3. The school MIS contains a large amount of valuable data, including attendance and exclusions, but the MIS alone will often struggle to cover all your MAT analytics needs. For a start, many primaries record assessment data elsewhere (in a primary tracker, for instance). Then, many MATs have multiple different MIS used within the trust, so even if the vendor has a nice MAT data portal (and certainly, some do), it may well be structurally impossible to see all schools’ data within one MIS ecosystem. Oh, and the MIS isn’t your finance system, so that’s another thing you’d be missing..

  4. The finance system will of course contain finance data (durr)... but it won’t have access to all your other school data, like assessment, attendance and exclusions.

In our experience, what this means is that Primary MATs create a complex central spreadsheet that attempts to aggregate all the relevant Key Performance Indicators (KPIs) from multiple data sources into a single set of dashboards. Sooner or later, this becomes a high-maintenance, glitchy, clunky file, with questionable-quality data. Surely there has to be a better way?

Well, the good news is that at Assembly, working with our MAT and industry partners, we think we’ve cracked it. Welcome to Assembly Analytics.

Assembly Analytics online demo

Here are the standout features:

  1. Assembly Analytics combines data automatically from multiple sources. Because we’re an analytics platform, we don’t try to be the data source. Instead, we connect to a range of MIS, finance and assessment systems. We then offer dashboards to MATs that present this data in a simple and intuitive format.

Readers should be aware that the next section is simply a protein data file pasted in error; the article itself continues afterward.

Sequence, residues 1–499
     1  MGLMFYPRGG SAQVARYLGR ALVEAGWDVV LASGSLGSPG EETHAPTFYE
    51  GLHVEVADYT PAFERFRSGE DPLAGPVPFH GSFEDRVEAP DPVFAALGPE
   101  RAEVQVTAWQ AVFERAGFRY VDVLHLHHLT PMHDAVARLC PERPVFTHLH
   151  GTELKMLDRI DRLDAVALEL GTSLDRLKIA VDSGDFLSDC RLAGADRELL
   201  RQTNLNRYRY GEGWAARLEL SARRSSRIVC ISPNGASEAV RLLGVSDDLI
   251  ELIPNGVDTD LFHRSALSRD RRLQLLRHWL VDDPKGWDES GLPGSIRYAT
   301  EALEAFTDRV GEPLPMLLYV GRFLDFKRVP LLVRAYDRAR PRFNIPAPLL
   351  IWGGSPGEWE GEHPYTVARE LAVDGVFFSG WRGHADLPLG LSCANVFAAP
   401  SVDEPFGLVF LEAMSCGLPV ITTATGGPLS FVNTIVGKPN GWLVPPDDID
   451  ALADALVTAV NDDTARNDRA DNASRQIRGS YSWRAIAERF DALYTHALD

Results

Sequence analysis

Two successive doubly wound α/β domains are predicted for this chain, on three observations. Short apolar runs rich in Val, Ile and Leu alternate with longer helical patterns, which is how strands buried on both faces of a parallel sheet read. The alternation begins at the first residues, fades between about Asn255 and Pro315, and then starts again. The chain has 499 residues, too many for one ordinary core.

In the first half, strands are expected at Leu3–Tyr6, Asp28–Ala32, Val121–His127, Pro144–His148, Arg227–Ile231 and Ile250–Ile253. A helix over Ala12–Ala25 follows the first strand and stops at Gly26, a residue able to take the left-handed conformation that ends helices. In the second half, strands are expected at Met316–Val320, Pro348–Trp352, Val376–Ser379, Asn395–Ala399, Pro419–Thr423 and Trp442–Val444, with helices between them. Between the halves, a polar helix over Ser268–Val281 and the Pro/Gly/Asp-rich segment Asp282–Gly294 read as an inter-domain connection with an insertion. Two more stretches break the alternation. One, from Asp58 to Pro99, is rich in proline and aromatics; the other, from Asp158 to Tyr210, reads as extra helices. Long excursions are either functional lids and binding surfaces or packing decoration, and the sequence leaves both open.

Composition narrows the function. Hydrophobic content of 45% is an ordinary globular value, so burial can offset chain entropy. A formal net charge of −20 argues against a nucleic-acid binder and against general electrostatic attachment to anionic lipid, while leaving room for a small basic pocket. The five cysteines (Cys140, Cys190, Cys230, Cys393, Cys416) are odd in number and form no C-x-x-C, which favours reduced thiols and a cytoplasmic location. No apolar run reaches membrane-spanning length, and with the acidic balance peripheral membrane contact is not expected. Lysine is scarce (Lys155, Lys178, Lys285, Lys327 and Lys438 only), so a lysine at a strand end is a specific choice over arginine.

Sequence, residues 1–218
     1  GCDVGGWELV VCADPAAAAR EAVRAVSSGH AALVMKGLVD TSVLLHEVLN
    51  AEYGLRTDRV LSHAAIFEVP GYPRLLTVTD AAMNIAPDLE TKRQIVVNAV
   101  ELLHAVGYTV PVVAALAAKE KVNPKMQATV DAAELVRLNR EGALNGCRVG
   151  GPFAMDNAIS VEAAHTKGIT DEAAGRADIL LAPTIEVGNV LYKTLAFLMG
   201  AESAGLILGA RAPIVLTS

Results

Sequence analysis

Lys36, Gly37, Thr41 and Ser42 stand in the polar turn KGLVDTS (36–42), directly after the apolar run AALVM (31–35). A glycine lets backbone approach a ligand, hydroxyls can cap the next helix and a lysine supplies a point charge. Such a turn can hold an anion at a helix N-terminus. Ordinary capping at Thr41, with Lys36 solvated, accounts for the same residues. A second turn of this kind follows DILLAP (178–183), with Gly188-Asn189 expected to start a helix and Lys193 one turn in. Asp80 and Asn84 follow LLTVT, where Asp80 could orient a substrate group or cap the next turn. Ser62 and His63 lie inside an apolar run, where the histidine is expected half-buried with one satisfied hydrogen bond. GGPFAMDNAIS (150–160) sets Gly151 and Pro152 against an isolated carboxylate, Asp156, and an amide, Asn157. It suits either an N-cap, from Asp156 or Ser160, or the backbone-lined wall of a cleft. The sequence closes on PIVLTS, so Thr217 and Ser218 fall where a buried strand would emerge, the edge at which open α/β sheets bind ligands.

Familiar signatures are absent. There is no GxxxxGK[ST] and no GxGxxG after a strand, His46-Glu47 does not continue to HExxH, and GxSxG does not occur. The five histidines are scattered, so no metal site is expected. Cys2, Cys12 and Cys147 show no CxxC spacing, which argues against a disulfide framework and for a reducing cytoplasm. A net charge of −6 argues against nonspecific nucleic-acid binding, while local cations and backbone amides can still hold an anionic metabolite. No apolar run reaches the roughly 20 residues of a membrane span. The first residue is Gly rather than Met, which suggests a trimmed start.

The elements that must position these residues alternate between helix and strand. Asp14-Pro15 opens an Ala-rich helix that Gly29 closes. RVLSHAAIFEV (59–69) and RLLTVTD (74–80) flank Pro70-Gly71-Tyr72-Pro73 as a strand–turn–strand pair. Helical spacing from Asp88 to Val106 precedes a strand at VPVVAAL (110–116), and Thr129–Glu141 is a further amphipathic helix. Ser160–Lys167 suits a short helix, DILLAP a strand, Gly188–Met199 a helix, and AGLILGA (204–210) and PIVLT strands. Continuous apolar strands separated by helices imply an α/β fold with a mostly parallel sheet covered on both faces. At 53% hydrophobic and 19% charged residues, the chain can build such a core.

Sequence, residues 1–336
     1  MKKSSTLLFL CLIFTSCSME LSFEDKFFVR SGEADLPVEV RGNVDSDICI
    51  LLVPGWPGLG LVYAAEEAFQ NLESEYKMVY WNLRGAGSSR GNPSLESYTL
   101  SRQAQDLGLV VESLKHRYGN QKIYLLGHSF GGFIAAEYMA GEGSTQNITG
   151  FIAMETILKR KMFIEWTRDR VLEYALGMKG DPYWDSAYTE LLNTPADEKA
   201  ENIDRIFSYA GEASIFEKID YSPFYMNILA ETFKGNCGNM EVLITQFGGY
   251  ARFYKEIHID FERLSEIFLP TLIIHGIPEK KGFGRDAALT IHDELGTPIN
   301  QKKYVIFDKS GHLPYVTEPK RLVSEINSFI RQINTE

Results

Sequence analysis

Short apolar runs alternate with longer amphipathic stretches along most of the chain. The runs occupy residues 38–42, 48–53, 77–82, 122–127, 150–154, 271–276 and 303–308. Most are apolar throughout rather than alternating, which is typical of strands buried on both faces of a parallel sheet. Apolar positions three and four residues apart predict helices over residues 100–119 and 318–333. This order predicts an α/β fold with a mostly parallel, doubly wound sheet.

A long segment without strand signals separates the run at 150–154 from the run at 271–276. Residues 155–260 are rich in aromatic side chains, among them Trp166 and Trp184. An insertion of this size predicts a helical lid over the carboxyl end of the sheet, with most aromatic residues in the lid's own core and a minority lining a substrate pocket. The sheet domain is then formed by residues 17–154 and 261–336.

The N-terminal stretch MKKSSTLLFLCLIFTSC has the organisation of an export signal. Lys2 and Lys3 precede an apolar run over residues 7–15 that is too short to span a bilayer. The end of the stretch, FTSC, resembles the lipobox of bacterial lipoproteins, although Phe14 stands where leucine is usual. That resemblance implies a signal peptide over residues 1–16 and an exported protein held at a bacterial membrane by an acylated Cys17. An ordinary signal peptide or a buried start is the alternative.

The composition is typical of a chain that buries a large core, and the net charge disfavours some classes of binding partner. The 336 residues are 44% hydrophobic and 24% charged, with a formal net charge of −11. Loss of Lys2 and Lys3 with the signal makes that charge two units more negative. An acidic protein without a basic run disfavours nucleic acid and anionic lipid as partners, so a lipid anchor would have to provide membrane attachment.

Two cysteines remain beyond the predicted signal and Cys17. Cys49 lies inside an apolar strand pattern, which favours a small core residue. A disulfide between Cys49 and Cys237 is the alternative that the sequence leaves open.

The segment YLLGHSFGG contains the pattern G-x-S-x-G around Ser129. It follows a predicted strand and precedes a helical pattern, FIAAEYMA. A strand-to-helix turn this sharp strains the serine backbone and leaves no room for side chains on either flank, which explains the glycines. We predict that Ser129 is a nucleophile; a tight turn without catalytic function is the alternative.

2. We add detailed benchmarks to contextualise the data. Without benchmarks, it’s very hard to make sense of MAT data. So we work out how to create contextual scales for all our headline measures, so you can see how your school or MAT fares against all schools nationally. Sometimes we use public datasets; other times we use FOIs to request national benchmarks; on occasion we create them ourselves. But always, the end goal is to give a school a percentile reliably reflecting their performance in a national context.

  3. We work with sector-leading standardised assessment partners such as RS Assessment from Hodder Education (via their PUMA and PiRA assessments for reading and mathematics) and No More Marking (for writing assessment). We can’t overstate what a difference this makes. Since these assessments can give a standardised score multiple times per year for years 1-6, this allows us to display performance measures across multiple schools and year groups within a MAT. And because the results are standardised using the same scale, we can also measure progress over time.

We’ve been working with Ark and Astrea to refine this approach over the last year, and we’re now also working with Windsor Academy Trust and Samuel Ward Academy Trust. By treating these relationships as partnerships, we are able to get hands-on feedback from those trusts, which in turn helps us to improve, expand and refine the product. Assembly is a non-profit linked to Ark, so it helps in those conversations that our mission is not to sell more dashboards, it’s to improve the quality of decision-making in schools.

If you’d like to know more, head to the demo on our website and have a play with Assembly Analytics for yourself. And, if you’d to have a chat about how Assembly Analytics could work for you, drop me an email at jperry@assembly.education.

1 For an in-depth exploration of the complexities of assessment, including the differences between formative and summative assessment, I strongly recommend Making Good Progress by Daisy Christodoulou (formerly Head of Assessment at Ark, and now Director of Education at No More Marking).